This isn’t an ocean! It’s the Grand Canyon in very rare form.
In rare circumstances, the atmosphere flips over and all of a sudden the clouds are at your feet. Although scientists say this weather phenomenon only happens every several years, it has already been reported last year, the year before and the year before before. An anomaly becomes recurrent!
On the vast majority of days, air temperature gets cooler as you go higher in the atmosphere. Put very simply, the ground is warm and the sky is not. And that’s why clouds form in the sky.
In rare circumstances, cold air is at the ground and warm air is above it. The atmosphere flips over and all of a sudden the clouds are at your feet.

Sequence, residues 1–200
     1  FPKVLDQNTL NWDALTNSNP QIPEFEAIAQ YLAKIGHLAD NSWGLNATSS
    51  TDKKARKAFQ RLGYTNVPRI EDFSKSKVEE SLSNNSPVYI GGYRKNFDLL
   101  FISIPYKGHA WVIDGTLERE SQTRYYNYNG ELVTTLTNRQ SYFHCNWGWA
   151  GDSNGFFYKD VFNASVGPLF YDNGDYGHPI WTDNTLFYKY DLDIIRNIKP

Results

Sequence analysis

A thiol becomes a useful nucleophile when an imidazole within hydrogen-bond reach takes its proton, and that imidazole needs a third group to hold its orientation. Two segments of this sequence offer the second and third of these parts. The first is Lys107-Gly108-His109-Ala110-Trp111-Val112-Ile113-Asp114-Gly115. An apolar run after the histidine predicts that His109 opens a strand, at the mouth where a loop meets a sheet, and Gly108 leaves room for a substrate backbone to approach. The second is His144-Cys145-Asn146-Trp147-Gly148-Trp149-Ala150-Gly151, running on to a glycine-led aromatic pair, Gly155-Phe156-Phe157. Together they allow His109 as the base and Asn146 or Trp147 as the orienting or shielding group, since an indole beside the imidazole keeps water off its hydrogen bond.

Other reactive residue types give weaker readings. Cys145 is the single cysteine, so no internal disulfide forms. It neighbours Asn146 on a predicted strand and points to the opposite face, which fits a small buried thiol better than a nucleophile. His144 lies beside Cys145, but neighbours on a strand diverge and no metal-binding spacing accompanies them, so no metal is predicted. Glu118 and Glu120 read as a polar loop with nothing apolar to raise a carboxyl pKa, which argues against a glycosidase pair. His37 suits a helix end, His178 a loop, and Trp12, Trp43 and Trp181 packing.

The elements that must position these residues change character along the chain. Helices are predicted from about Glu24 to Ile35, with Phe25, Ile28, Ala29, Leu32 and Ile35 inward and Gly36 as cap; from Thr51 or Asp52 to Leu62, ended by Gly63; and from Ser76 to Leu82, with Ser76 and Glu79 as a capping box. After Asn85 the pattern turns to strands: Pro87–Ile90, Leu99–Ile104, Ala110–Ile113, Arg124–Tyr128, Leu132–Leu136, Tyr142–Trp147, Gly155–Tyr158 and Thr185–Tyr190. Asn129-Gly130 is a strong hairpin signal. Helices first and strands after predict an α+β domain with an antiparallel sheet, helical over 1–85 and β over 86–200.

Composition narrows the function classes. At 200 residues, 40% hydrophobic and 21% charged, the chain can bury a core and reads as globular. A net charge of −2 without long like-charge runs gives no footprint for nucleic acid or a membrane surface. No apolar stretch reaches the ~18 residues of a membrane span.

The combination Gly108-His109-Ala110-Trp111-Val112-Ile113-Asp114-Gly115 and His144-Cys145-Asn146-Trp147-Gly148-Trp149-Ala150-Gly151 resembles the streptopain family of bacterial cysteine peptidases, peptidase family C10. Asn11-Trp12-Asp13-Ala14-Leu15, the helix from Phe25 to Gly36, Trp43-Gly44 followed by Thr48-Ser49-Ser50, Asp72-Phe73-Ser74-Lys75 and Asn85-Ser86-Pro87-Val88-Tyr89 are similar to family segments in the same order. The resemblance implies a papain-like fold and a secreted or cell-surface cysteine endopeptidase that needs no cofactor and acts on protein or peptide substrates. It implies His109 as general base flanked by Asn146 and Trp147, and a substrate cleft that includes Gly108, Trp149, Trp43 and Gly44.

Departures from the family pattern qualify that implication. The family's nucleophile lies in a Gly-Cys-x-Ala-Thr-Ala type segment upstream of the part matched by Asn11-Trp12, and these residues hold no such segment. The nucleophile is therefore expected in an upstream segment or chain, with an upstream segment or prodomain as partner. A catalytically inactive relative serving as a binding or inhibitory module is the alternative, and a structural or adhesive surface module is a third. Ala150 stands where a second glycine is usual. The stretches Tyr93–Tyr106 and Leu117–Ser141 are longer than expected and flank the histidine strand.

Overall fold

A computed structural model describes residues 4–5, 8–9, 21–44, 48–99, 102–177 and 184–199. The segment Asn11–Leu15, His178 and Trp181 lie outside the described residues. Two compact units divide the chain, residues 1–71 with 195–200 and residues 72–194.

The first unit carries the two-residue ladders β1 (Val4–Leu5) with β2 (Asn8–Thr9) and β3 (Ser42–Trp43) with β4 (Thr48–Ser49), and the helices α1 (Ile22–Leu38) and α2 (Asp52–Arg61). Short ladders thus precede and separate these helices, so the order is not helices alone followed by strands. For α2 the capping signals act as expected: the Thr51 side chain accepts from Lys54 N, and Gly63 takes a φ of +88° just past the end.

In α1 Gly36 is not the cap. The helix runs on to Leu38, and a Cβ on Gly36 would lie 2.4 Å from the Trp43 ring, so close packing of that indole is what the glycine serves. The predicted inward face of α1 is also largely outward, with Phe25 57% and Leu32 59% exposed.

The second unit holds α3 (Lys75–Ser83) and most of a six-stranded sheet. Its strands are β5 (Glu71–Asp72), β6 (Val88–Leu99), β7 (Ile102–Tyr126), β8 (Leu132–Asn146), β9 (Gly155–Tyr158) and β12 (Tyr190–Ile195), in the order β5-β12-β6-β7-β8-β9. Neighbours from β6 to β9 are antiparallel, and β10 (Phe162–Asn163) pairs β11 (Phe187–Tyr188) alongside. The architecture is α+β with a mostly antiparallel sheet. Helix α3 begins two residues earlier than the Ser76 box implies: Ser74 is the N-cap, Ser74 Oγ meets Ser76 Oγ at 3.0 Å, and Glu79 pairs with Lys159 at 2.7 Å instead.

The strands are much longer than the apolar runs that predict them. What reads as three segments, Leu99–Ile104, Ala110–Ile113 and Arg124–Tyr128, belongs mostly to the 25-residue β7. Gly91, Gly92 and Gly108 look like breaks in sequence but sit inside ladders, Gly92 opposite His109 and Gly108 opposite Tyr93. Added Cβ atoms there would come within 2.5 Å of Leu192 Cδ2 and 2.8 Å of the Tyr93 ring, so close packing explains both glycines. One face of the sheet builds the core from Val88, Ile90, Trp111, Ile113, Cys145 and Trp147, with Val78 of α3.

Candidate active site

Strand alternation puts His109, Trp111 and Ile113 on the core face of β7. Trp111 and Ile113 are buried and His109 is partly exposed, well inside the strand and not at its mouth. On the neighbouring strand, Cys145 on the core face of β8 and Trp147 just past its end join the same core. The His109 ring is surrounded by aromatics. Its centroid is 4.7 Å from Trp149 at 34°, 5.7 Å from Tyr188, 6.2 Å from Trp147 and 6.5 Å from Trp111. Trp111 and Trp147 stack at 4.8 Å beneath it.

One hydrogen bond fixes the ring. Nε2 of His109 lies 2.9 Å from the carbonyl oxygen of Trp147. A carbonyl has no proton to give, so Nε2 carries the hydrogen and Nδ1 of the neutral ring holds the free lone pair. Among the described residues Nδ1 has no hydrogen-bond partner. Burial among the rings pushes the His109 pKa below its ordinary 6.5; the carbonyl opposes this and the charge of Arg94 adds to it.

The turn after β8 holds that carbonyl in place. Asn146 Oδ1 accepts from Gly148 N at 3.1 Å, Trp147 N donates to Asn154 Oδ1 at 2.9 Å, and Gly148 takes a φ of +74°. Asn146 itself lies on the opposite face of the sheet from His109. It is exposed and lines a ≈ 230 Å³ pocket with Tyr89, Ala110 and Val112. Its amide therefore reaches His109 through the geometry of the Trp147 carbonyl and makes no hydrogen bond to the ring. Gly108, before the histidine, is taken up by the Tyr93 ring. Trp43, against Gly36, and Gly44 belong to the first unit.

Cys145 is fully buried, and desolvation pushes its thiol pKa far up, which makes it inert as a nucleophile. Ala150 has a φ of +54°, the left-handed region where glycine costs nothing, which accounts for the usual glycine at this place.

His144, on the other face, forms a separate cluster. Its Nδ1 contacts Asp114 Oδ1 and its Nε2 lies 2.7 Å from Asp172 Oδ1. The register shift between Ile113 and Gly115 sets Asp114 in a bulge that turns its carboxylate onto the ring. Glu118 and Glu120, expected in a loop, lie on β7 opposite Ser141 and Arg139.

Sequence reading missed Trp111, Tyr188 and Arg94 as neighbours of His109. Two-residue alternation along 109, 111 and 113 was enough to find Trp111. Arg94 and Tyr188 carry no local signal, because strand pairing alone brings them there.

The phenomenon is called a total temperature inversion. A cold layer of air is trapped at the base of the canyon and is capped by a warm layer of air.
This rare weather phenomenon was captured in the video above of the Grand Canyon. The temperature inside the Grand Canyon cooled rapidly during the night. Any humidity that was in the air condensed into clouds.
Fog filling the Grand Canyon is relatively rare, happening only once every several years. Given how dry the Grand Canyon usually is, these incredible events happen only after rain. Sure? It has already happened in the last three years! Another weather anomaly.
Watch the Grand Canyon lit up by lightnings.